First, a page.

PLEASE NOTE: All of this is JUST MY PERSONAL OPINION and by no means am I judging what anyone else chooses to with their life or for their wedding - everyone has a different idea of what is fun and important, what is worth spending money on, who should be involved, etc. I'm just sharing my point of view, as this is an issue I find very interesting and that has been on my mind lately, and I happen to have strong opinions about. I just don't necessarily agree with some of the pressures that have been built up around these events. Also, none of these comments are reflective of my friend's wedding - their ceremony and reception were lovely and tasteful and personal, and I know for a fact that they budgeted everywhere they possibly could (more proof that you don't need to lay down the annual GDP of a small country to have a great wedding).

Ultimately, what I feel is that the wedding isn't the important thing - the marriage is, and that's what you want to put the time and money into. The wedding lasts a day, but your marriage (ideally) lasts much longer.


Allison said...

I completely agree that people's weddings are getting out of hand. Plus all the pre-wedding parties. Stag & Does, engagement parties, showers, bachelor/bachelorettes...then the wedding itself. Yeah it costs the bride and groom a lot - but it also cost's their friends and family a lot too! Gifts and clothes and hotel stays...

I'm glad none of my close friends are getting married soon. Oy. I'm so broke as it is.

That said, I often plan my fake wedding in my head. I think it's a girl thing.

Kim Humes said...

I hear you - I spent several hundred dollars on this wedding, being part of the wedding party. I was happy to do it, but it was really painful once I added the numbers up. And what can you do, you can't say no if it's a good friend, you just have to suck it up. Again it was fun and I was happy to be a part of it but just not necessary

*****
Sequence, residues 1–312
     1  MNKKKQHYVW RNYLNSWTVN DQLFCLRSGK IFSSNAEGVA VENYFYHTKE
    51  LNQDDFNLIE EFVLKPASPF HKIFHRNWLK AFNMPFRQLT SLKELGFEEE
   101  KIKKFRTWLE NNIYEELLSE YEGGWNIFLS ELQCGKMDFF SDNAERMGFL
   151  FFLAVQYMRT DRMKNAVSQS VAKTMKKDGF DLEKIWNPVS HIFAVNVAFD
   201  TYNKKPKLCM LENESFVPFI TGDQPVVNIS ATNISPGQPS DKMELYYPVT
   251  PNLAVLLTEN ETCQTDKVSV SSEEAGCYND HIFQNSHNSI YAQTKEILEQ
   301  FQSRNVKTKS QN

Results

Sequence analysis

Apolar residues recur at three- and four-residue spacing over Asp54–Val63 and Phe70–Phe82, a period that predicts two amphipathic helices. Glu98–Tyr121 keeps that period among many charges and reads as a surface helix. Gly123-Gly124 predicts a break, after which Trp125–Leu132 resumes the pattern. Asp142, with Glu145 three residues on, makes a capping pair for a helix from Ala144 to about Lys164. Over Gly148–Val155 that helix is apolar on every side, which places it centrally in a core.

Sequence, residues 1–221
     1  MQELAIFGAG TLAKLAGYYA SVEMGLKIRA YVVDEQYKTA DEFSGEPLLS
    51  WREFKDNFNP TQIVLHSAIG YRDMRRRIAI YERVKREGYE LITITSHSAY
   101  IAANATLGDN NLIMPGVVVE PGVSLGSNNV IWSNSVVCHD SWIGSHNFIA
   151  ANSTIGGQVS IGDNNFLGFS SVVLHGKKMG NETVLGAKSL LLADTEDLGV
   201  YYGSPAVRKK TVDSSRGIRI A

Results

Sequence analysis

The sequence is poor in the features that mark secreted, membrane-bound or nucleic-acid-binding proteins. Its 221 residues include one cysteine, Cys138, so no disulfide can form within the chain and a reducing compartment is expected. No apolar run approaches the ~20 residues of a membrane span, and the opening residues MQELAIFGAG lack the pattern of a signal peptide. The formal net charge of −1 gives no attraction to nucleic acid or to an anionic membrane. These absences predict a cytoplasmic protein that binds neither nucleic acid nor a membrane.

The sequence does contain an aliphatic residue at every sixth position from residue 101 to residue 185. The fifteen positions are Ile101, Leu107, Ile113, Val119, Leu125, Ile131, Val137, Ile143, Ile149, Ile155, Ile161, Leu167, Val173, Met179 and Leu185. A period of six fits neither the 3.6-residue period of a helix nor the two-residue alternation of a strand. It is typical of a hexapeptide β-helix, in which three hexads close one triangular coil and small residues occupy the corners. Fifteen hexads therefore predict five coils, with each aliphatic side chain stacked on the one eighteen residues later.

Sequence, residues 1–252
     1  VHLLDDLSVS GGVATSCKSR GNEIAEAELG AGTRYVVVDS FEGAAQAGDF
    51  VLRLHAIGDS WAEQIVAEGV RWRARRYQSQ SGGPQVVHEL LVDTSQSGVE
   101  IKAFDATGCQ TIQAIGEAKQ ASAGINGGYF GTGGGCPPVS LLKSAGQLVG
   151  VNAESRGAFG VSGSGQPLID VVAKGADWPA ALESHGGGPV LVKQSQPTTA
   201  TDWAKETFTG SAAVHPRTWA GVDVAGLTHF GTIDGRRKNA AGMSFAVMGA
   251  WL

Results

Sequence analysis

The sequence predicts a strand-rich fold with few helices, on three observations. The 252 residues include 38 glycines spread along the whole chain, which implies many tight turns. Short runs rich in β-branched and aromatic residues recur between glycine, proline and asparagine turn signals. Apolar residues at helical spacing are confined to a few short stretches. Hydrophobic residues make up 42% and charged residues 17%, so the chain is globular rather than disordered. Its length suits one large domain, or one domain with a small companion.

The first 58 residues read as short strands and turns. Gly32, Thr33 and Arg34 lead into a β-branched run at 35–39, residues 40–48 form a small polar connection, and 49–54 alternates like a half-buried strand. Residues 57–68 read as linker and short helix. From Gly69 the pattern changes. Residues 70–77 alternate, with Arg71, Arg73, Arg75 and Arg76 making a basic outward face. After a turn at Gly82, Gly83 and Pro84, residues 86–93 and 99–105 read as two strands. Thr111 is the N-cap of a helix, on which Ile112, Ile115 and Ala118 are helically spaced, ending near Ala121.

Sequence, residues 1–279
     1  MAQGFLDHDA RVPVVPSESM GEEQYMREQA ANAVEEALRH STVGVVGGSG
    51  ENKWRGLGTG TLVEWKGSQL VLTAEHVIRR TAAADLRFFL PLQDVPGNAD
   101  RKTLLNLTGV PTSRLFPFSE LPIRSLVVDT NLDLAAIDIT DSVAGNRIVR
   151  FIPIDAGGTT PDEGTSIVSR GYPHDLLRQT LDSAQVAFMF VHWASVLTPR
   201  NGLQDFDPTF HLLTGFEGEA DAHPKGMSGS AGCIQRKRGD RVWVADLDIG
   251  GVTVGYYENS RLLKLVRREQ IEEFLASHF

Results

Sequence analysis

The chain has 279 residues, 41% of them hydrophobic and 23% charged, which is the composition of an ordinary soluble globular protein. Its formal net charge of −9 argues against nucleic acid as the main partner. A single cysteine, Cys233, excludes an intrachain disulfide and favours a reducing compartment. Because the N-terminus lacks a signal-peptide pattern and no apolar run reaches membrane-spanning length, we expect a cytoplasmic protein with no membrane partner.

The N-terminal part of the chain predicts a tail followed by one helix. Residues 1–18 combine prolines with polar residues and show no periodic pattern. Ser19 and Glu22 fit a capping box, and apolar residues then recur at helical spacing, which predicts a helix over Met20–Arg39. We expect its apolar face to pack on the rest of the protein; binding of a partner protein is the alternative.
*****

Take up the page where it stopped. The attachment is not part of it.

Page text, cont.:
lalalalauren said...

Great post! I have similar opinions on getting married and it's nice to know I'm not alone. It seems like a lot of people I know are going wedding-crazy these days. I actually got conned into doing all the music for a wedding that's coming up in about a week and a half. It's for a couple of great friends of mine so it's no big deal, but they aren't musicians and don't understand the amount of work it takes to learn new songs. So in the past week they've been throwing new material at me left and right, saying things like "We just realized we want *THIS* at the end of the ceremony, not that other song."
Gah. If I ever get married, I'm going to elope. I'll take lots of pictures, put them on Facebook, and tag everyone I know as random strangers and inanimate objects so they can feel like they were there.

Melissa said...

I think it all comes down to the last sentence of this post: the wedding isn't the important thing, the marriage is. Spend tons of money or don't, invite tons of people or don't, bend to family politics or don't, but when it comes down to it, it's just a party. Awesome post. Welcome back!

Benny said...

A divorced woman once told me, "Weddings aren't for you. They're for the guests." When I think about it, the same is true about most milestone events. Your friends and family usually want it more than you do, and you have to think of them more than yourselves. After all, there are two of you and fifty of them. F that noise.

Benny said...

A divorced woman once told me, "Weddings aren't for you. They're for the guests." When I think about it, the same is true about most milestone events. Your friends and family usually want it more than you do, and you have to think of them more than yourselves. After all, there are two of you and fifty of them. F that noise.

Post a Comment

Thank you so much for reading!